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«Haunted House—An Interview with Mark Danielewski (Take Two1) Remember those dire, pre-Millennial pronouncements about the alarming marginalization ...»

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Mark Danielewski: In 1990 I was living in New York City doing odd jobs and making very little money when I learned my father was in the hospital in Los Angeles. At the time, my father and I hadn’t really seen or spoken to one another for a long time, other than a few sporadic phone calls here and there; it would only be years later that I recognized the severity of our estrangement, with its dull, persistent throb of fear and memories. But there was no question I had to go see him once I heard he was dying of prostate cancer, which had begun affecting his kidneys enough so that by the time he was admitted to the hospital he was on the verge of kidney failure. Without the means to buy an airplane ticket, I went down to the Greyhound Bus Station and got myself a seat heading west towards Los Angeles. By the time I climbed aboard I was so wound up that I couldn’t sleep a wink, so I began writing a piece in which I tried to articulate what my father’s mortality meant to me. It was a long ride—three days, two nights; four days, three nights; I can’t remember; day for night, night for day—I just kept scribbling, steadily, furiously, writing on the move, at various bus stops, jotting things down at night with a little flashlight because the light over my seat was broken. And by the time I stepped off the bus, I had this bit of writing called "Redwood." That was at least one beginning of House of Leaves.

Sinda Gregory: You’ve referred to “Redwood” as a “piece” and a “bit of writing”—would you describe it as a short story, a meditation, or what?

MZD: It was a bit like a novella in some ways and more like a screenplay in others, but it’s hard for me to fit it into a category,2 I wasn’t concerned with a specific narrative structure or a set of grammatical rules.

Basically, it was just an outpouring—a means of articulating this torrent of conflicting emotions I was feeling about my father. My sister met me when I finally reached Los Angeles, and we went home and looked after my father until his cancer went into remission. At that point I presented him with my story—as a gift. His response was unbelievable, full of rage—outraged, I think, by the audacity that I had written something so passionate and so focused on him. And so he applied all his years of intellectual edge and shredded me, going on to describe how useless art was, demanding why I didn’t just go get a job at the post office! Well, I probably should have expected his reaction, but I was just devastated. My first response When later asked to clarify the nature of the specific content of “Redwood,” Danielewski declined to elaborate. He does, however, provide clues in House of Leaves about the nature of “Redwood” and why his father responded so angrily when it was read to him. One of the textual “bits” which Zampanò never incorporated into The Navidson Record, for example, appears to be a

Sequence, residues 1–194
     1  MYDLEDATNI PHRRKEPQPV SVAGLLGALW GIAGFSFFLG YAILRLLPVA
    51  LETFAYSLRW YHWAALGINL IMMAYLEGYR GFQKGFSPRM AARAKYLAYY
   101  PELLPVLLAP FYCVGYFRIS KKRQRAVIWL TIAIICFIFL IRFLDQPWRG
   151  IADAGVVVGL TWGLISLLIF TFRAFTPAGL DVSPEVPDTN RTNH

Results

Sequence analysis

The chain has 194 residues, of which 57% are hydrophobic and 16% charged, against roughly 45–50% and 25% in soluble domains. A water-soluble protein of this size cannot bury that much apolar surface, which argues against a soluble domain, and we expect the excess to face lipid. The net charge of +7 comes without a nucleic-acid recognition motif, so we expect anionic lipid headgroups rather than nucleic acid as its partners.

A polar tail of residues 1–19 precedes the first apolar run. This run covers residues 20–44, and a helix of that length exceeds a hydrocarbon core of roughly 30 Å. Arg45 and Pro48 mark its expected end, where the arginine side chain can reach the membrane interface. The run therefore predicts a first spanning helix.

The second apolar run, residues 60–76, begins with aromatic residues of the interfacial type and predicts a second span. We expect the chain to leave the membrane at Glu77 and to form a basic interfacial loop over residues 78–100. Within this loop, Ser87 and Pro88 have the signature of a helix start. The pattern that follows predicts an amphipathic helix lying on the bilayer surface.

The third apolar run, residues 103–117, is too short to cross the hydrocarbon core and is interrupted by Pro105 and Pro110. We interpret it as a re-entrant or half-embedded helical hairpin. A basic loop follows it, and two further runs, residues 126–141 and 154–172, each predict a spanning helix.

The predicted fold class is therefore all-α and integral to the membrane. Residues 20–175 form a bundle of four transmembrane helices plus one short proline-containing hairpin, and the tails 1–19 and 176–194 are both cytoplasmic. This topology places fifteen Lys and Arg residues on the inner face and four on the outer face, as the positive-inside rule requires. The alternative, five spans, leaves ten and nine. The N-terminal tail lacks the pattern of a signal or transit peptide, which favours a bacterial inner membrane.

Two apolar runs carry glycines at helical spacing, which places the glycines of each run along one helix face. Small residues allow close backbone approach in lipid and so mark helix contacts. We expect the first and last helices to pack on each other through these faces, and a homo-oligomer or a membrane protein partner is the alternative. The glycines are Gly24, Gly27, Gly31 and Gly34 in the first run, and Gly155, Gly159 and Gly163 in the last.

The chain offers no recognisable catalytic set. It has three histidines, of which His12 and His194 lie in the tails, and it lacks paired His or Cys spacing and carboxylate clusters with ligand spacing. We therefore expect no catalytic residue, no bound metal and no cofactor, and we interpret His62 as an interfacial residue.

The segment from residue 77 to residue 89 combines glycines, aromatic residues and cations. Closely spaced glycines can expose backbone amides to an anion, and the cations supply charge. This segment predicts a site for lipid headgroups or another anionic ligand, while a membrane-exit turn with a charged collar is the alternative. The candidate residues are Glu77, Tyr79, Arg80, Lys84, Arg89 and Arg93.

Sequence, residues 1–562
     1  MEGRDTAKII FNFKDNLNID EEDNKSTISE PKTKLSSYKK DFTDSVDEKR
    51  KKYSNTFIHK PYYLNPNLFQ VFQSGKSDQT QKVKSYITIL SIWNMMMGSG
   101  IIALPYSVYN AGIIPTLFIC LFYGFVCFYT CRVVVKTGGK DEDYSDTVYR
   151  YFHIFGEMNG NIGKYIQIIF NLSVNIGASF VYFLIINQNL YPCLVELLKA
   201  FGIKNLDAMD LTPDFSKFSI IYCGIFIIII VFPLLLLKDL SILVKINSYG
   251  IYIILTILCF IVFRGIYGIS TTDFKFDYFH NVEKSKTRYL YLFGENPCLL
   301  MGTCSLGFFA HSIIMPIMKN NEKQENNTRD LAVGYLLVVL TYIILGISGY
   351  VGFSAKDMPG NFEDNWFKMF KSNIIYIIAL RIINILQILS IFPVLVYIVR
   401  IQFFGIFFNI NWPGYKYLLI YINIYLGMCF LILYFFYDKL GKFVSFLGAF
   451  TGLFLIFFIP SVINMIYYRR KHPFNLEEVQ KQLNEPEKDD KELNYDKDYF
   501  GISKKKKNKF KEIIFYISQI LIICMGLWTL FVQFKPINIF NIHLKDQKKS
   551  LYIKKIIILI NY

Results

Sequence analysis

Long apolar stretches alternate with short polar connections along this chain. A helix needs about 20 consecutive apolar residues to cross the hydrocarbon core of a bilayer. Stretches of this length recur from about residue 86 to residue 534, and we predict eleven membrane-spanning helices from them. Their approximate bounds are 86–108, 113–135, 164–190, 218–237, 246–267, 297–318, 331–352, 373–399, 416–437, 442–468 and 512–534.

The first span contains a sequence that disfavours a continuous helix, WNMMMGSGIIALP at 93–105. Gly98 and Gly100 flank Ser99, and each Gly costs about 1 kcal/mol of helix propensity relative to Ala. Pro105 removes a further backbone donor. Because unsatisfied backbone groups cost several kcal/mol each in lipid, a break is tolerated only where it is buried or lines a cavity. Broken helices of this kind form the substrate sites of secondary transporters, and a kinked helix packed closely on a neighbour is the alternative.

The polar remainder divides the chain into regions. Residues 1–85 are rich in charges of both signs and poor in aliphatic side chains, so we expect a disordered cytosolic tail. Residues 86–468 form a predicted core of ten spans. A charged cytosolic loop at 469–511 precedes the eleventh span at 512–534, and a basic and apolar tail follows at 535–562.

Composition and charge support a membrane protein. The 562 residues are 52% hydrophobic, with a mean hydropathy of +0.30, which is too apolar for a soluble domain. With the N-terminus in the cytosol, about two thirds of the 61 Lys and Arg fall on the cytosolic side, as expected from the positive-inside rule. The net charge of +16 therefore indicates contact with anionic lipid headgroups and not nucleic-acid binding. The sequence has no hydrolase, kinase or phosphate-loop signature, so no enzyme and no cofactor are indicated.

crucial clue in this regard:

Redwood. I saw him once a long time ago when I was young. I ran away and luckily, or no luck at all, he did not follow me. But now I cannot run and anyway this time I am certain he would follow.

(“Bits,” Appendix B, HOL 547) afterwards was to attempt to eliminate myself from this equation. I was an affront to my father’s will and my father’s place in the universe, and so rather than challenge that will and that place, I would sacrifice myself. And I did exactly that; the closest thing to suicide I can think of— I tore up the manuscript of “Redwood” into hundreds of pieces, flung them into a dumpster in the alley, and spent the next few days in a kind of emotional coma. Ripping this thing apart in this Dionysian manner was a violent act but certainly not one inspired by joy and wine.

A few days later my sister and I got together for dinner and began going over all that had happened, attempting to reassemble the emotional fragments, trying to put these recent events into some kind of perspective, including the toll the illness was having on my father and how that had influenced his response to what I had written. But no matter how much we thrashed this stuff out, the numbness didn’t really dissipate. Then my sister did something that still chokes me up when I think about it: she presented me with a manila folder in which I discovered “Redwood”—intact. She had gathered up and taped together all the pieces. This rescue of what I had impulsively destroyed allowed me to see that I could keep writing. It was like a Greek goddess coming down to breathe fire again into my lungs, saying in an awful whisper “Go now, go get Hector.” A life changing moment. I doubt I would have continued to write had she not rescued me that night.